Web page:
The word “triduum” comes from a Latin root which means “in the space of three days”, and the Church’s observance of the Easter Triduum is one single celebration that lasts for three days.
The Old Testament records several occasions of three-day prayer or ritual ceremonies, and Jesus picks up on this concept when he refers to the three days Jonah spent in the belly of the whale. Then he enlarges the image into the example of the three days when his own body would remain in the tomb.
The Triduum is rooted in what theologians call the paschal mystery. Expressed most simply, the paschal mystery tells the story of Jesus “passing over”, from death on the cross, to the New Life of the Risen Lord.
Fr. Ronald Rolheiser, OMI, theologian and author, writes: “No outlook or image of life can pretend to be mature without grappling with the timeless, haunting questions of suffering and death. In Christian spirituality, Christ is central. And central to Christ is his death and rising to new life so as to send us a new Spirit.”
It needs to be emphasized that, although the Triduum is, first, about Jesus’ suffering, death and Resurrection, it is also a kind of recipe or blueprint for what the paschal mystery offers in the life of every Christian. In his book entitled The Holy Longing
, Fr. Rolheiser describes in very practical terms, how the paschal mystery is a process of transformation which begins in suffering and dying (to self), and moves on to the reception of new life. The paschal mystery is the mystery of how, after undergoing some kind of death, we receive new life and a new spirit.
John’s Gospel gives us the foundation of this process in Jesus’ own words: “Unless a grain of wheat falls into the ground and dies, it remains a single grain; but if it dies, it yields a rich harvest” (John 12:24). Even the most elementary experience of gardening illustrates the truth of this principle. Plant a kernel of corn, leave it a few days in the warm, damp earth and it appears to rot! It is certainly no longer something you would want to eat. But miracle of miracles; leave it to grow for a few months in nature’s sunshine and rain, and that single seed will yield several cobs containing thousands of kernels! And this image conveys the same truth about the fuller life which experiences of pain and suffering can offer to us. And notice this (in the example Jesus gives us): the very seed that is “dying”, is what holds and releases the new life.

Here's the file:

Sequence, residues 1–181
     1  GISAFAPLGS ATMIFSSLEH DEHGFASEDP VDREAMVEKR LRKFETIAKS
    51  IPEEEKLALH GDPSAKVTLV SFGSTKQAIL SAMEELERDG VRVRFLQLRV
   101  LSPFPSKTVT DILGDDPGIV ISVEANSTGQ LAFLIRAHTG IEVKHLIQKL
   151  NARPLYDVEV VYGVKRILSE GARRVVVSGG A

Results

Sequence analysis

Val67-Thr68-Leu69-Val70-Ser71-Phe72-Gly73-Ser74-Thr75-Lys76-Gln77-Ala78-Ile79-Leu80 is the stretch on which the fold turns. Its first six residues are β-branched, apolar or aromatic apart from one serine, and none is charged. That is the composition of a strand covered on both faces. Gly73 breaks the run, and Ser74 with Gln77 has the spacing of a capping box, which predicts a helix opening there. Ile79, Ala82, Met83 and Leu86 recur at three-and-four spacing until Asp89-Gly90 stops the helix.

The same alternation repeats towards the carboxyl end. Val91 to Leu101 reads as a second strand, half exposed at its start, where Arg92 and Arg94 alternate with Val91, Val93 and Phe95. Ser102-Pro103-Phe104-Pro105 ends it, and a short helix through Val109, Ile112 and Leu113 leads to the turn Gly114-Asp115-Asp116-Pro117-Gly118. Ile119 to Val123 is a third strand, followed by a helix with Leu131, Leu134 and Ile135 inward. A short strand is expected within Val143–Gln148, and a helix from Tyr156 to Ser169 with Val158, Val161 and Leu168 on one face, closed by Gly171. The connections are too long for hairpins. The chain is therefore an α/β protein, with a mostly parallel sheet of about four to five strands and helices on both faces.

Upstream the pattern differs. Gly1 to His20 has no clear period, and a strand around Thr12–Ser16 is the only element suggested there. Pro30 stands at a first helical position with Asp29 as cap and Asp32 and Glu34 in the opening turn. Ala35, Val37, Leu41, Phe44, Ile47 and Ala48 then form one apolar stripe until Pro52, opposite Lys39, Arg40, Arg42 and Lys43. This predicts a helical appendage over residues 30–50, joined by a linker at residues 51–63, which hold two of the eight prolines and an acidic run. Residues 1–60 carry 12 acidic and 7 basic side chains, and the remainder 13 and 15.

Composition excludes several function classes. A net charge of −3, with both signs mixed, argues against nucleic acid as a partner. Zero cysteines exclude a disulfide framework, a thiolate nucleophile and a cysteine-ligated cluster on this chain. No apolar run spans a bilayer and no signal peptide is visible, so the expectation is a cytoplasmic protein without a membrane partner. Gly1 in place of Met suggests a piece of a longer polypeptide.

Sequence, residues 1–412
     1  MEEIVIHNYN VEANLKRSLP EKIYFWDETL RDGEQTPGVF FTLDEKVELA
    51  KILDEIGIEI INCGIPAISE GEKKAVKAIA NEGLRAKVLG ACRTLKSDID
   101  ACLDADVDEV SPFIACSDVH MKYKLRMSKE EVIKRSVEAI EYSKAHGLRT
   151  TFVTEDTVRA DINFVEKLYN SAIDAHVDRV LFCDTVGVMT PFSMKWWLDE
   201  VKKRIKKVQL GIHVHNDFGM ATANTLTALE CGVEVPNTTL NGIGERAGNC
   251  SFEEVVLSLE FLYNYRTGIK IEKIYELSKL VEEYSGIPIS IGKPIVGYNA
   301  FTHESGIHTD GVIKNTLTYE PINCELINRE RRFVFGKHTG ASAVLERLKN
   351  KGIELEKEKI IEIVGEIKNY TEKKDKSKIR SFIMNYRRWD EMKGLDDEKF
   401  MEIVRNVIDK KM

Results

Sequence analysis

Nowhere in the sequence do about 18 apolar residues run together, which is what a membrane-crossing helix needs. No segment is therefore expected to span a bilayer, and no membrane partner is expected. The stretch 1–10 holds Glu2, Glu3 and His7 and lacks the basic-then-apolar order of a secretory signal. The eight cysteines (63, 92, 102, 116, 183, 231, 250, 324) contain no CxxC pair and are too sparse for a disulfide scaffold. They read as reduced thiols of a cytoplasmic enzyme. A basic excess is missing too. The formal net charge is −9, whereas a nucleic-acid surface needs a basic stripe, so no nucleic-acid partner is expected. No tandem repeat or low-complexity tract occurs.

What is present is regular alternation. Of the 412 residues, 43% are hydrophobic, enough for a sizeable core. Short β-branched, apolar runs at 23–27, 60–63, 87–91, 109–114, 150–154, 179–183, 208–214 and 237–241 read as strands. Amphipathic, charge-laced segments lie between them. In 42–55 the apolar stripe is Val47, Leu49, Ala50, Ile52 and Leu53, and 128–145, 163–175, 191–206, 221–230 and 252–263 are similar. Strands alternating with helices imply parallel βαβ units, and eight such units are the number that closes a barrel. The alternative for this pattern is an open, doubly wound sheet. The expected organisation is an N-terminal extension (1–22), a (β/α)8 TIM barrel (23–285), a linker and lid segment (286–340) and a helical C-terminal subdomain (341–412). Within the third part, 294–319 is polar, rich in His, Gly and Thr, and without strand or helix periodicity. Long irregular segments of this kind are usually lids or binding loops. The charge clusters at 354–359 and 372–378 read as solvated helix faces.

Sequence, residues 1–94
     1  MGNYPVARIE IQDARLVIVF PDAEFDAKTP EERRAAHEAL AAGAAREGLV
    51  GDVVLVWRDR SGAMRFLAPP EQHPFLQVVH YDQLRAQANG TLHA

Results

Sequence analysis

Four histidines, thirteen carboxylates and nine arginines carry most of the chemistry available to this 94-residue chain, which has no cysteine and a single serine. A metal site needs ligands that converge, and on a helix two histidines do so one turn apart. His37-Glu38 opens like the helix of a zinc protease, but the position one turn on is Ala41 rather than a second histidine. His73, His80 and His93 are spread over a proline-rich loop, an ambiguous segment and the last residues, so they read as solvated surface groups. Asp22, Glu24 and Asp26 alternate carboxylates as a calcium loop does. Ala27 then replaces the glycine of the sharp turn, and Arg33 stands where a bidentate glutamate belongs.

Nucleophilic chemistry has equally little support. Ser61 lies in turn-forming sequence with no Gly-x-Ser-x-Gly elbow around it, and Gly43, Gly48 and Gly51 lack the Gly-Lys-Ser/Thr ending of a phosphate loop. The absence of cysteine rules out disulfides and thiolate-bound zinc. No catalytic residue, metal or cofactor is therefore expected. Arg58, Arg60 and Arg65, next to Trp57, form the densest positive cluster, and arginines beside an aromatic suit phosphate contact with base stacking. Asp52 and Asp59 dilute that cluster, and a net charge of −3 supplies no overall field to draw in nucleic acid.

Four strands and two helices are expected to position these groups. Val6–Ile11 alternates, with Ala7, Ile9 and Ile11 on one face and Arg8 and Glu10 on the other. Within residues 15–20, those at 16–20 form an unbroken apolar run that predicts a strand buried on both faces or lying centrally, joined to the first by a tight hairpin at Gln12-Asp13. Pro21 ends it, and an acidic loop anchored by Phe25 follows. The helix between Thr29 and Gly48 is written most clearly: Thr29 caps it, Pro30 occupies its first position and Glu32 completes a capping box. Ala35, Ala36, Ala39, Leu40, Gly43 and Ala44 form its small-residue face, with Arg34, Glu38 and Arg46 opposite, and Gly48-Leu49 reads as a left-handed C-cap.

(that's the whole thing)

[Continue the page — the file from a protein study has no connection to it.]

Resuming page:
In John’s gospel Jesus gives us another image of how this “works”: “I tell you most solemnly, you will be weeping and wailing while the world will rejoice; you will be sorrowful, but your sorrow will turn into joy. A woman in childbirth suffers, because her time has come; but when she has given birth to the child, she forgets the suffering in her joy that a human being has been born into the world” (John 16:20,21).
So celebrating the Triduum is very personal for everyone who is baptized. Likely you have “done something” to mark the forty days of Lent; of course you will want to celebrate in joy and happiness, the Fifty Days of Easter. The experience that links them together is at the heart of the Triduum. Whenever you are unable to actually attend the liturgies of Holy Thursday, Good Friday and the Easter Vigil on Holy Saturday, you can observe the spirit of this sacred time personally, at home.
These days should not be just days of "business as usual." A way to mark this is on Good Friday when Fast and Abstinence is not the Lenten fast of discipline and repentance. Rather it is our preparing; it’s a “hungering” in anticipation of what lies just ahead. Eating is not uppermost in one’s mind the day or two before a wedding; nor is banqueting much thought of on the days before a funeral. Festive meals are not our primary interest then. But we will feast when the occasion comes! That will be Easter – and not one day only – but weeks of weeks. Because Christ has died, Christ is risen, Christ will come again!